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Man o' War: A Legend Like Lightning (2006)

by Dorothy Ours

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1404155,068 (4.03)2
His trainer said that managing him was like holding a tiger by the tail. His owner compared him to "chain lightning." His jockeys found their lives transformed by him, in triumphant and distressing ways. All of them became caught in a battle for honesty. Born in 1917, Man o' War grew from a rebellious youngster into perhaps the greatest racehorse of all time. He set such astonishing speed records that The New York Timescalled him a "Speed Miracle." Often he won with so much energy in reserve that experts wondered how much faster he could have gone. Over the years, this and other mysteries would envelop the great Man o' War. The truth remained problematic. Even as Man o' War---known as "Big Red"---came to power, attracting record crowds and rave publicity, the colorful sport of Thoroughbred racing struggled for integrity. His lone defeat, suffered a few weeks before gamblers fixed the 1919 World Series, spawned lasting rumors that he, too, had been the victim of a fix. Tackling old beliefs with newly uncovered evidence, Man o' War: A Legend Like Lightningshows how human pressures collided with a natural phenomenon and brings new life to an American icon. The genuine courage of Man o' War, tribulations of his archrival, Sir Barton (America's first Triple Crown winner), and temptations of their Hall of Fame jockeys and trainers reveal a long-hidden tale of grace, disgrace, and elusive redemption.… (more)
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Showing 4 of 4
My all time favorite race horse is Man O' War. I don't know why, but this book gave me a good reason to put him at the top of my list. He was such a phenomenon that we will never know how great he actually was. I don't believe that the people in his life could really comprehend what they had in their possession. Makes me wish I could have seen him. ( )
  kyragtopgirl | Jan 12, 2012 |
I thought I knew all about Man o' War, until I read this book. Lots of details tell the true story of the greatest horse of all. ( )
  FionaCat | Aug 21, 2007 |
If you don't like horses, pass this review right on by. If you grew up
like I did, thinking that horses were about the most beautiful creatures on
the face of the earth--Thoroughbreds in particular--you might just be
interested.

The problem with new biographies of horse racing legends is that they are
all going to be compared to Lauren Hillenbrand's marvelous book about
Seabiscuit. Hillenbrand chose the perfect racing legend. Seabiscuit was a
true rags-to-riches character. He raced during desperate times (the
Depression) and was fortunate enough to find fascinating people to take care
of him. The blend of history, society, people and horse was mesmerizing.

Ours probably thought that she'd chosen well, too. In a recent poll, Man o'
War was chosen as The Best Racehorse of the Twentieth Century. He was
beautiful, well-bred, won 20 of 21 races, carried tremendous weight on his
back and broke many track records. People fought their way to the racetrack
whenever he was to run. He was bred by a millionaire and raced by another.
His first jockey's license wasn't renewed and he lived under a cloud the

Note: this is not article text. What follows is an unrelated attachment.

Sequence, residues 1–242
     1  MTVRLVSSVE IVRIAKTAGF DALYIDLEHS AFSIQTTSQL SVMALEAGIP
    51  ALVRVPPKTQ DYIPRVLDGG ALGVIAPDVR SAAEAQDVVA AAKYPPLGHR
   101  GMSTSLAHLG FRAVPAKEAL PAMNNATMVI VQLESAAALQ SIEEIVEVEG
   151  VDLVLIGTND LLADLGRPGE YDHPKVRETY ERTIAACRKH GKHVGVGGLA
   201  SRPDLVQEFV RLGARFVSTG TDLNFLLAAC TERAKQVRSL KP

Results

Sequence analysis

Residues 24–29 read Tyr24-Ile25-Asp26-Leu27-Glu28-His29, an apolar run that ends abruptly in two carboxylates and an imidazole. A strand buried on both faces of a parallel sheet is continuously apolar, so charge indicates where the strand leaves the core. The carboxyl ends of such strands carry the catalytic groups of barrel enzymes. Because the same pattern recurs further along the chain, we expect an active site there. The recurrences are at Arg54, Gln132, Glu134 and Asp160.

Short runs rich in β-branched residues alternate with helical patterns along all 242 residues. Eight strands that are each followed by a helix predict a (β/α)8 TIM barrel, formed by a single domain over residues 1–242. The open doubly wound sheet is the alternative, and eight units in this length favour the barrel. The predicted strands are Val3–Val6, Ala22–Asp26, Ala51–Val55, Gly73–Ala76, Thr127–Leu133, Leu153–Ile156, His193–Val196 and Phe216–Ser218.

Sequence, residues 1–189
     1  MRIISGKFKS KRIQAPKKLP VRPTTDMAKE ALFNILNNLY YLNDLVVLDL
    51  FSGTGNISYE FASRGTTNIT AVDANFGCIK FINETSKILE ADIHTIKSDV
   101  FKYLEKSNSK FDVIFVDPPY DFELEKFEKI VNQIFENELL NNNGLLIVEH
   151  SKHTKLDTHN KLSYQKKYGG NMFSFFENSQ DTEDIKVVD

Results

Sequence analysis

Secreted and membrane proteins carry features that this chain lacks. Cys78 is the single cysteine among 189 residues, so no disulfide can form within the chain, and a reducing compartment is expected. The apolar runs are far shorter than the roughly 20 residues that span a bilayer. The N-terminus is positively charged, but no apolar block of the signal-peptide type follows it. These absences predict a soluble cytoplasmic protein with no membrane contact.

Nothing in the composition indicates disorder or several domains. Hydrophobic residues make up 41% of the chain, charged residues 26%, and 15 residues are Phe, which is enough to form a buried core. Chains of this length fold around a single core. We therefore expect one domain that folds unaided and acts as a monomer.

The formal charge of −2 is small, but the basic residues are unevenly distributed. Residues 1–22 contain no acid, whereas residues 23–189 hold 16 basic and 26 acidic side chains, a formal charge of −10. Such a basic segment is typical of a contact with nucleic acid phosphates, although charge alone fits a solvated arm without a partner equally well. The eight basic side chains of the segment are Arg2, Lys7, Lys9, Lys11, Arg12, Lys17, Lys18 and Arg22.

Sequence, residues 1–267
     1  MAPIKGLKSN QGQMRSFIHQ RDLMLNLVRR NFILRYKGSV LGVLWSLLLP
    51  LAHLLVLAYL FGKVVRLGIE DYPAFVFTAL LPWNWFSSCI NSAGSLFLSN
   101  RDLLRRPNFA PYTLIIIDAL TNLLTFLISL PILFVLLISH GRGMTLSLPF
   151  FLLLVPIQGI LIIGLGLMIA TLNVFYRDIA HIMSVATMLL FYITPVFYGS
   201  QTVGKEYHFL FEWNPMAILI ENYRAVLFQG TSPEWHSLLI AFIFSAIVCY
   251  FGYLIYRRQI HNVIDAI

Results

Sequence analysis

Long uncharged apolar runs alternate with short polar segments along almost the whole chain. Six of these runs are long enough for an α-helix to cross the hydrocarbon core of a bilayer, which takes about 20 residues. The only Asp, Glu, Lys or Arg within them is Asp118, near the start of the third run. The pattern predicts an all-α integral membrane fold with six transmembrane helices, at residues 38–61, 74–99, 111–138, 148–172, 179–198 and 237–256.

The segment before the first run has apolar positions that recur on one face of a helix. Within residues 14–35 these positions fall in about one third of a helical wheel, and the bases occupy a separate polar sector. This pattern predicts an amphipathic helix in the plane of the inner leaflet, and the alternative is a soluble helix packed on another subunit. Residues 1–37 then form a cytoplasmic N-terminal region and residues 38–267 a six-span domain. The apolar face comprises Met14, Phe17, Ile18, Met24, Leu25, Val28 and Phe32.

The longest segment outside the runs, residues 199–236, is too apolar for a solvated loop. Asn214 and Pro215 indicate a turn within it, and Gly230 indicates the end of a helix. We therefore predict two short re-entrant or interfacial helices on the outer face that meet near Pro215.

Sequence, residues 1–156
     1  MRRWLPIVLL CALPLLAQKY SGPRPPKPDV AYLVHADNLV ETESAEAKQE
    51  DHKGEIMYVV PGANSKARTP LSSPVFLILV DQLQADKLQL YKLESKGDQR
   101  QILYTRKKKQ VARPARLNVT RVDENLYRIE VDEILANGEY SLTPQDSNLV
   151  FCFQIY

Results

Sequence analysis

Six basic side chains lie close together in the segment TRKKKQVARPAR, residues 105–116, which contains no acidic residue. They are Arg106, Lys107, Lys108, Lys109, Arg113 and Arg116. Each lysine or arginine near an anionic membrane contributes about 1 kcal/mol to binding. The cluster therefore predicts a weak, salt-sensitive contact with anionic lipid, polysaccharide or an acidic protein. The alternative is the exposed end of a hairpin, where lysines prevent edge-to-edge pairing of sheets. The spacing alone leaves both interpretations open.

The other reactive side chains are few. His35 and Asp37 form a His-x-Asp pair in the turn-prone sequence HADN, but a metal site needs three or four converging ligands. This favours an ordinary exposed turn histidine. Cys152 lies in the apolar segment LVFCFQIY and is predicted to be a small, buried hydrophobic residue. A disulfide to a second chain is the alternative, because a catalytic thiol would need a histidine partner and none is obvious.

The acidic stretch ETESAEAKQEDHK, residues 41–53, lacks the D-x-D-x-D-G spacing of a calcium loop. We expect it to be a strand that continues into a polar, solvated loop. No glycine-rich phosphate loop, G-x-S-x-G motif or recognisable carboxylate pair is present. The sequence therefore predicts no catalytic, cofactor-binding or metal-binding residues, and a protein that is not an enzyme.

rest of his life. Got to be as interesting as Seabiscuit, right?

No, it doesn't. The only interesting millionaire in the pack was the owner
of Sir Barton, one of Red's rivals, and too much of the book was about Sir
Barton rather than Man o' War. At the end of the book, the reason for it was
clear, but it was still irksome. Despite its flaws, I liked the book. I
learned just how dishonest horse racing could be back then. How gamblers
could pay jockeys to fix races. How easy it was for trainers to dope their
horses so they'd run better. (Ever wonder why heroin is often called
"horse"?) I also learned things about Man o' War that I'd never known.

Unfortunately, I have to compare Ours's book to Hillenbrand's. Although a
page-turner, it falls short. ( )
  cathyskye | Dec 27, 2006 |
Showing 4 of 4
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His trainer said that managing him was like holding a tiger by the tail. His owner compared him to "chain lightning." His jockeys found their lives transformed by him, in triumphant and distressing ways. All of them became caught in a battle for honesty. Born in 1917, Man o' War grew from a rebellious youngster into perhaps the greatest racehorse of all time. He set such astonishing speed records that The New York Timescalled him a "Speed Miracle." Often he won with so much energy in reserve that experts wondered how much faster he could have gone. Over the years, this and other mysteries would envelop the great Man o' War. The truth remained problematic. Even as Man o' War---known as "Big Red"---came to power, attracting record crowds and rave publicity, the colorful sport of Thoroughbred racing struggled for integrity. His lone defeat, suffered a few weeks before gamblers fixed the 1919 World Series, spawned lasting rumors that he, too, had been the victim of a fix. Tackling old beliefs with newly uncovered evidence, Man o' War: A Legend Like Lightningshows how human pressures collided with a natural phenomenon and brings new life to an American icon. The genuine courage of Man o' War, tribulations of his archrival, Sir Barton (America's first Triple Crown winner), and temptations of their Hall of Fame jockeys and trainers reveal a long-hidden tale of grace, disgrace, and elusive redemption.

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